- Watering – As noted above, it’s very important to water plum tomato plants consistently. It’s also a good idea to water the soil and not the plant. Splashing water, especially late in the day when plants don’t have a chance to dry off before night, can spread soil borne diseases. I use a long-handled watering wand to direct water to the base of the plant. It’s quick and easy! I also water in the morning if I can. That way any water that may have splashed on the foliage has time to dry before nightfall.
- Fertilizing – I feed my plum tomato plants with a liquid organic fish or kelp fertilizer every two to three weeks throughout the growing season.
When to harvest plum tomatoes
When picked at the peak of ripeness a plum tomato is a garden treat! The fruits are firm but have a little give. They’ll also have turned the mature color indicated on the seed packet. Tomatoes ripen from the inside out so color and feel are good indicators of whether your plum tomatoes are ready to harvest. Ripe tomatoes also come off the stems with a gentle tug. If you try to harvest them and the fruits still firmly attached, they’re not ready to be picked. That said, I prefer to use garden snips to harvest my plum tomatoes. Trying to pull the ripe fruits from the plant can damage the cluster and knock off still-green tomatoes.
The fruits of determinate varieties ripen around the same time. Indeterminate varieties produce a steady crop of tomatoes until frost. If you want to make a big batch of sauce at one time, grow determinate varieties as the fruits ripen together. Because I like to make small batches of sauce all summer long I prefer indeterminate plum tomatoes and harvest as the tomato clusters ripen.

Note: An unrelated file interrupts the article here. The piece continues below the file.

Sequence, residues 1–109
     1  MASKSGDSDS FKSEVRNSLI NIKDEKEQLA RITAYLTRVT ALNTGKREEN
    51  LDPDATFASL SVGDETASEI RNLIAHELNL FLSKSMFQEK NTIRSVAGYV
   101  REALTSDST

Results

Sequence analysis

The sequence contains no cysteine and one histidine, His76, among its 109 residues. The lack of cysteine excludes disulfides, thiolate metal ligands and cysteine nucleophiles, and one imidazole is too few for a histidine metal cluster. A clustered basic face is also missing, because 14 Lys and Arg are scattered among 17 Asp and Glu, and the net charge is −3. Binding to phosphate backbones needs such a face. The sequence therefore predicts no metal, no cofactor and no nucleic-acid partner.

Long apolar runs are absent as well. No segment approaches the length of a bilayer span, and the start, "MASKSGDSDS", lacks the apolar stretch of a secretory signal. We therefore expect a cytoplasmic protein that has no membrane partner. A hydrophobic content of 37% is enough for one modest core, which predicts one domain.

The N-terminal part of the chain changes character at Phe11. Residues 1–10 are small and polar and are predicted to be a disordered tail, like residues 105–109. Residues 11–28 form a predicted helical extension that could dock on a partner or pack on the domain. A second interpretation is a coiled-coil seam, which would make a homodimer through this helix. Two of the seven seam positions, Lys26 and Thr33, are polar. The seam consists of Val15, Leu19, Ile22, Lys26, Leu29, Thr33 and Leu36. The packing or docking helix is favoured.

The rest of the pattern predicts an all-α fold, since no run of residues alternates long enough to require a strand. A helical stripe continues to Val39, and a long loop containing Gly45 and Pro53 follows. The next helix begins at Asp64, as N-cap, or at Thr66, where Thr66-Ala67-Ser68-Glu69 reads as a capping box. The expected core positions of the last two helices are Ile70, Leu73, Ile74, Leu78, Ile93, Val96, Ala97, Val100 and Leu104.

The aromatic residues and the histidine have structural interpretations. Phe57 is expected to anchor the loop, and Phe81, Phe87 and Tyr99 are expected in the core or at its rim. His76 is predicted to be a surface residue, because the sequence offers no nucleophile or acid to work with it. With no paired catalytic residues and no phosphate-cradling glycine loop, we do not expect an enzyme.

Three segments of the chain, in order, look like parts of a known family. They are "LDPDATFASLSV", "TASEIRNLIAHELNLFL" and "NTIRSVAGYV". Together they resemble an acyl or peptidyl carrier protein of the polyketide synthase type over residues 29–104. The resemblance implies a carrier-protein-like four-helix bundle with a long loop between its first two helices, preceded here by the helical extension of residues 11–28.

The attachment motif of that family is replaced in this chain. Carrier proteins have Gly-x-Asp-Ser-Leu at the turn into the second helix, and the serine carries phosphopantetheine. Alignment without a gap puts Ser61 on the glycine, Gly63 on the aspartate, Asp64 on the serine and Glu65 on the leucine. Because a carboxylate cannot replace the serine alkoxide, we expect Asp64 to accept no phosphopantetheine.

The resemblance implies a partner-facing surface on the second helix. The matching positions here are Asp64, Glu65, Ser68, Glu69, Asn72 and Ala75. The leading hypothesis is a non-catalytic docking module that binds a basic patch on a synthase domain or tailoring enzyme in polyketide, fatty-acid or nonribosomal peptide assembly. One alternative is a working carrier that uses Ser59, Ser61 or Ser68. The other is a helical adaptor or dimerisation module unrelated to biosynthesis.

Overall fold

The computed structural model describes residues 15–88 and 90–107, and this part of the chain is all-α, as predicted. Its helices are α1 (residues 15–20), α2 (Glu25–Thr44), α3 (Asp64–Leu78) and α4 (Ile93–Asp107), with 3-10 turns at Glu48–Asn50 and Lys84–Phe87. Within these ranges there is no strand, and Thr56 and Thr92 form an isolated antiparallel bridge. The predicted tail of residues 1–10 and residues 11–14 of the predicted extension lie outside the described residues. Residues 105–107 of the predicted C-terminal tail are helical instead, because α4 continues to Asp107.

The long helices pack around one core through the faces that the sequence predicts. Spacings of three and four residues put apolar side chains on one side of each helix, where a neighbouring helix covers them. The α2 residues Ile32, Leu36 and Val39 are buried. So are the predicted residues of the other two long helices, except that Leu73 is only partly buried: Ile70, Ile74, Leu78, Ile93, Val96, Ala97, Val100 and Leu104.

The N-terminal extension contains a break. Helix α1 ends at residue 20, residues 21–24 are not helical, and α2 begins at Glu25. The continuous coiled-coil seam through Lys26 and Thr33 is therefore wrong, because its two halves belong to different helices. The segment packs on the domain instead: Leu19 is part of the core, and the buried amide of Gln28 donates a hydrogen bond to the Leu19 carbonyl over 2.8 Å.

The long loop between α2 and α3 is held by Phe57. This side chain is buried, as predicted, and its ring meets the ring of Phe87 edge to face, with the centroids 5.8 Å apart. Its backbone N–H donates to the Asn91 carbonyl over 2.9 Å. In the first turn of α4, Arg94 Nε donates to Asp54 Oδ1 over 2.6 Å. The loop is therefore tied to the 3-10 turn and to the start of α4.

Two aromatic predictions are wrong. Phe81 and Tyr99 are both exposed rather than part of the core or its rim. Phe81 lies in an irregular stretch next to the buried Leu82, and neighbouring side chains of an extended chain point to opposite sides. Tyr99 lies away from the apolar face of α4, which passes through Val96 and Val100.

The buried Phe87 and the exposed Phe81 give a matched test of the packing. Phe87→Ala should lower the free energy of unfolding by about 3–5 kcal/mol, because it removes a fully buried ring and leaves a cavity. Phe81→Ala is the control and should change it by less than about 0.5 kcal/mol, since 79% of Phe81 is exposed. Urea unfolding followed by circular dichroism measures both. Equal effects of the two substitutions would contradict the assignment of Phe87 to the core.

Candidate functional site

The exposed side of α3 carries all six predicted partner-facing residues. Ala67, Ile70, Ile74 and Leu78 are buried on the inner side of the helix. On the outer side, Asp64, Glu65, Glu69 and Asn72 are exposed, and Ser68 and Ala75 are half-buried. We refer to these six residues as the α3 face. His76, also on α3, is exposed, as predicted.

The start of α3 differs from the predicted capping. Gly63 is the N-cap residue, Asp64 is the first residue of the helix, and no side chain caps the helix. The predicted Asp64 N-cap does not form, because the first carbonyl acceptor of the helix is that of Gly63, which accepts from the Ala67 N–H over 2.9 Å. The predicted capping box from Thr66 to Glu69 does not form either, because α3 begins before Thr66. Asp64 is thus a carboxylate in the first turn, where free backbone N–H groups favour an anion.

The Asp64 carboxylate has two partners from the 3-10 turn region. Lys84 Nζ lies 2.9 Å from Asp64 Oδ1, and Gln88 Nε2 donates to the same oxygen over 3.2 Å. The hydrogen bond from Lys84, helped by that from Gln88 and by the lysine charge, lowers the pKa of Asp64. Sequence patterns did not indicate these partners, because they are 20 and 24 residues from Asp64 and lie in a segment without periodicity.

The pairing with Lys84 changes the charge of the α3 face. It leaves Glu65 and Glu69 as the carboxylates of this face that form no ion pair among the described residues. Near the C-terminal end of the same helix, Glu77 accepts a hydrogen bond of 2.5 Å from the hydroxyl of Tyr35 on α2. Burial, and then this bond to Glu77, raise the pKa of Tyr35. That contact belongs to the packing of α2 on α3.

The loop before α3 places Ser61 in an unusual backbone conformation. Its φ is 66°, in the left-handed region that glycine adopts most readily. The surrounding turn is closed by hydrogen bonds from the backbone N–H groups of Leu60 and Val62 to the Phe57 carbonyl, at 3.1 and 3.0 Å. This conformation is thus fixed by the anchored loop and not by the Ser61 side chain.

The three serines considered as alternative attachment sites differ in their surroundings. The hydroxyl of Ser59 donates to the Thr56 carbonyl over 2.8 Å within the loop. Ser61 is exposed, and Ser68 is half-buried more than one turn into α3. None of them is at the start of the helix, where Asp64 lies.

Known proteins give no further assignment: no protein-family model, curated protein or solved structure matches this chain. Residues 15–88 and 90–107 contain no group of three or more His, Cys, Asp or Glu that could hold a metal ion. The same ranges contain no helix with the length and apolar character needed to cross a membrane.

Plum tomatoes vs roma
The terms ‘plum tomatoes’ and ‘Roma’ have become almost interchangeable but are they the same thing? Yes and no. Roma tomatoes are a variety of plum tomatoes grown by gardeners to can or make sauces. Roma tomatoes are a standout variety of plum tomatoes, but there are many other varieties you may want to plant. Check out my favorites in the list below.
8 varieties to grow in your garden
There are many varieties of plum tomatoes available through seed catalogs. When selecting which ones to grow, be sure to read the variety descriptions carefully as some have determinate growth and others indeterminate growth.
Determinate and semi-determinate varieties:
San Marzano – If you want to make authentic Neapolitan pizza, you’ve got to grow San Marzano tomatoes. This is the type that is used in traditional pizza sauce. This celebrated plum tomato also makes an outstanding sauce for pastas. The slender fruits grow around 3 inches long with blunt tips and have a rich, full flavor. Semi-determinate growth habit.